an extra is that for controlling the stepper i will need an extra output voltage.. each motor need 12v to start and arduino only gives me 5v so i need to connect the stepper to an extra device......

however my doubt now is that if ith arduino uno i can connect4 stepper is that im like lost u know reading arduinos page said that uno only have 12 outputs but you said that i can get 20 how is that??

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Do you know who stocks them?

No clue. Like I said, this was just something I found yesterday for another post - did a google of "i2c stepper motor driver" and found it. If I were going to look into buying a part like this, my first inclination would be to try Digikey and/or Mouser, among a few others. If I didn't find it there, and I really needed it - I would like contact the manufacturer (On Semi), and find out direct who their distributors for it are (or if it has been superceded by another part)...

 smiley
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said that uno only have 12 outputs but you said that i can get 20 how is that??

According to the "Summary" here:

http://arduino.cc/en/Main/ArduinoBoardUno

There are 14 digital and 6 analog I/O lines; there are 12 digital lines, plus pins 0 and 1 (which if disconnected from the USB serial interface, and be repurposed as digital I/O) - the 6 analog lines can also be used for digital I/O - which give a total of 20 digital I/O lines.

Now - since you have already stated that you want to read some sensors (like limit switches or similar?), and you likely want to communicate using a PC with this board for your project, you would have to give up some of those lines for those purposes.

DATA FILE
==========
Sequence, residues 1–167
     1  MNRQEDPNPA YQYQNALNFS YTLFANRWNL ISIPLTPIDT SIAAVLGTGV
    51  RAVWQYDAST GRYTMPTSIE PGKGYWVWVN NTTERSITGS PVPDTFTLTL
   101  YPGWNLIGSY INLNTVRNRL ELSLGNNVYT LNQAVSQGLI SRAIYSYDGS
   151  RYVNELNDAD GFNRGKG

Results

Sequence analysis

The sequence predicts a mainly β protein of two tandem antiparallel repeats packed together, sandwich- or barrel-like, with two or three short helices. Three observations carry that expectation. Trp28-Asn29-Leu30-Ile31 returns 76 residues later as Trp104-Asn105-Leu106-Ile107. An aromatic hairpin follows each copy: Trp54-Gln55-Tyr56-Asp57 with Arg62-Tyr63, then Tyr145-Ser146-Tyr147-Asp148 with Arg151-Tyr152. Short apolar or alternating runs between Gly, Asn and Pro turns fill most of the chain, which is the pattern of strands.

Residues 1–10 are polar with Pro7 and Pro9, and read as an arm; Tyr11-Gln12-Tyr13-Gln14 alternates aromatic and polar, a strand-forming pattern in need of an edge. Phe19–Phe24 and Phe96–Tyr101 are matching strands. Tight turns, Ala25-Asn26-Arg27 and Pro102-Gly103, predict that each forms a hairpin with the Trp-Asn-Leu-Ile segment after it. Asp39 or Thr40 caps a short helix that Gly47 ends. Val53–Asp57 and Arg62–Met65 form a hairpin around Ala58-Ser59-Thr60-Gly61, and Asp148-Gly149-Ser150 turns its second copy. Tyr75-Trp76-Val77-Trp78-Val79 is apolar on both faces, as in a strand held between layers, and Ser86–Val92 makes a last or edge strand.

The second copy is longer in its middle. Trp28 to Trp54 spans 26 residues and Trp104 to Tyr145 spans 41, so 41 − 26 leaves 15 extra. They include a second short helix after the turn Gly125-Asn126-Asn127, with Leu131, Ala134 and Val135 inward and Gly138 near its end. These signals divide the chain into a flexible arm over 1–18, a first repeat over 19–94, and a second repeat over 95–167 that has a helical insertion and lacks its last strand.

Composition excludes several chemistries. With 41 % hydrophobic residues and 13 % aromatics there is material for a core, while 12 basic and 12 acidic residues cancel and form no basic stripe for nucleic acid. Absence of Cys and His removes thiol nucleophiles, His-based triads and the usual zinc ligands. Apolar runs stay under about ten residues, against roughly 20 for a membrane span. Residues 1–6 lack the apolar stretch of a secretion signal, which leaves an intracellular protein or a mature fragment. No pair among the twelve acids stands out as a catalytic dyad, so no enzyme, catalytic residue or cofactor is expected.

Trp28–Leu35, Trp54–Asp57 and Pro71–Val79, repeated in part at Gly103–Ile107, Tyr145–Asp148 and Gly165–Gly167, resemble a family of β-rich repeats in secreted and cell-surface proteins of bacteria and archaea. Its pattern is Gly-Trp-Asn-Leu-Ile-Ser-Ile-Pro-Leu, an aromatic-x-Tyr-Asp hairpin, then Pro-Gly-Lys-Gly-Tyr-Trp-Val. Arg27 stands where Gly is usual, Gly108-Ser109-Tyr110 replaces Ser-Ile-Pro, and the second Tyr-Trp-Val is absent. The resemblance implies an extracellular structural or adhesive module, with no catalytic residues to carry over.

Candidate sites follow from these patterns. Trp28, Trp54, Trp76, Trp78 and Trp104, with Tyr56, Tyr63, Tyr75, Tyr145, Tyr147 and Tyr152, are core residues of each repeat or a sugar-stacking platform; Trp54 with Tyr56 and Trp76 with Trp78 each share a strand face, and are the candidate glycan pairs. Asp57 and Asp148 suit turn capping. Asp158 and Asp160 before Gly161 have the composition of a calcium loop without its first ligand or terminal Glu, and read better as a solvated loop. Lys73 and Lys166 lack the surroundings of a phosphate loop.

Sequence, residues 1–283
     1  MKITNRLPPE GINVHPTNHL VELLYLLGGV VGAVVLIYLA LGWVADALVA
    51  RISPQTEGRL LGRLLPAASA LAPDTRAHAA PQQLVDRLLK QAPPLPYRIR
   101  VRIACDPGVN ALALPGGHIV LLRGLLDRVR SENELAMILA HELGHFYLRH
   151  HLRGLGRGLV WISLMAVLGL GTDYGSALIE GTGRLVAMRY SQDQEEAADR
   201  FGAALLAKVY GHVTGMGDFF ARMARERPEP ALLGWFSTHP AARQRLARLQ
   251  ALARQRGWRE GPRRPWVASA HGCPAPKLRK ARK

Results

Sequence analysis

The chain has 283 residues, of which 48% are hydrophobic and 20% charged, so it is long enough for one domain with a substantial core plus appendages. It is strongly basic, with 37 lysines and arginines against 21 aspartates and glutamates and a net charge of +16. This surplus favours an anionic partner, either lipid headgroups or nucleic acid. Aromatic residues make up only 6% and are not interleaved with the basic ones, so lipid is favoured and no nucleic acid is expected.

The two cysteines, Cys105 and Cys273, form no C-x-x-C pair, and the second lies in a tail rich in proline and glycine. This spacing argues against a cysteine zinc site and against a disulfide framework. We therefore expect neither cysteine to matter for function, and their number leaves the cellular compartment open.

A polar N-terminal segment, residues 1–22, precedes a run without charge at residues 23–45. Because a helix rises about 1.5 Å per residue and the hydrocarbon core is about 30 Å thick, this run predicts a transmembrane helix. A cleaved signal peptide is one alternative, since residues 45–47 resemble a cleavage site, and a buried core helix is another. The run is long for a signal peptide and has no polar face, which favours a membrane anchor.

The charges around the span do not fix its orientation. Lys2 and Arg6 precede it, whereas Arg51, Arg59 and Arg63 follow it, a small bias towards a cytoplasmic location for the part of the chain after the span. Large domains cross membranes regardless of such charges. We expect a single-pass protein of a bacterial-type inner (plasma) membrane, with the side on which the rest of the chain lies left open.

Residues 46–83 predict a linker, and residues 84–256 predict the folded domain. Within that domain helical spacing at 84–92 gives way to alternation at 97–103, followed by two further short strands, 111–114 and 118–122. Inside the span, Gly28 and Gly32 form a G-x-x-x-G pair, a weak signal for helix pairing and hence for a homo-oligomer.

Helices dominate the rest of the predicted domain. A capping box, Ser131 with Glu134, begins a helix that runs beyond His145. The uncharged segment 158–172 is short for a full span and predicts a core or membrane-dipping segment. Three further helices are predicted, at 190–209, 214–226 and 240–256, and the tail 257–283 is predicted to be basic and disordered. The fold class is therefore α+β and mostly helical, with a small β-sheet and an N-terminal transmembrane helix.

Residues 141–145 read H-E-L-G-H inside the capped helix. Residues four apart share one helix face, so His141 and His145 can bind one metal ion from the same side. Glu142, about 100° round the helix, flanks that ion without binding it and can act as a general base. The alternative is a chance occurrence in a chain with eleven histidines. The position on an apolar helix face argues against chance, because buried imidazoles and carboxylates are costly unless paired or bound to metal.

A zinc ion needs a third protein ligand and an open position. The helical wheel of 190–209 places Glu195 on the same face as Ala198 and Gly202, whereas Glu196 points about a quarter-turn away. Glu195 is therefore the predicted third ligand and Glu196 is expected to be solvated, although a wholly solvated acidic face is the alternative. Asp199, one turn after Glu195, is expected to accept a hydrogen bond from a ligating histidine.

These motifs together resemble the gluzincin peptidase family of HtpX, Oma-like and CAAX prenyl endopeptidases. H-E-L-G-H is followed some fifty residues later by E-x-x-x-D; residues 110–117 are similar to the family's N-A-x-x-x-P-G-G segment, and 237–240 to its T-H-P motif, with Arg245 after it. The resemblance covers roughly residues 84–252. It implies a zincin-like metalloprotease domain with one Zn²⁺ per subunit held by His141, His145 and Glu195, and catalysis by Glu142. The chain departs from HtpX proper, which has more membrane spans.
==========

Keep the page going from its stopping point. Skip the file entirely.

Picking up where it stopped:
But even if you only used the 12 "left over" digital I/O lines, leaving your USB connected for comms with your PC controlling things, and the 6 I/O pins for analog or digital sensors (limit switches or something) - that would still give you the ability to run between 3 and 6 steppers (in theory), depending on how you set up the motor driver system and software. You could run even more steppers (1 to 3 more) if you were willing to drop the analog I/O lines (but you might find yourself without any lines for your sensors!)...

...and that's just for a standard Arduino based on the ATMega168/328; with a Mega - the number of steppers and sensors can be much larger...

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very instersting..... ok i will buy an arduino uno to see how it goes and how could i connect the steppers
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each motor need 12v to start and arduino only gives me 5v
Even if you had 5V motors you can't connect them directly to the arduino as it won't supply the current.

Note there are two types of stepping motor bi-polar and unipolar. These require different types of circuits to drive them. The coils need to be switched on in turn to make it move properly. You can either do this in the arduino software or have a driver chip that works out what to switch on next when you give it a step pulse. The other line is needed to tell what direction it is to move in.
For more on stepping motors see:-
http://www.thebox.myzen.co.uk/Workshop/Motors_3.html
and
http://www.thebox.myzen.co.uk/Workshop/Motors_4.html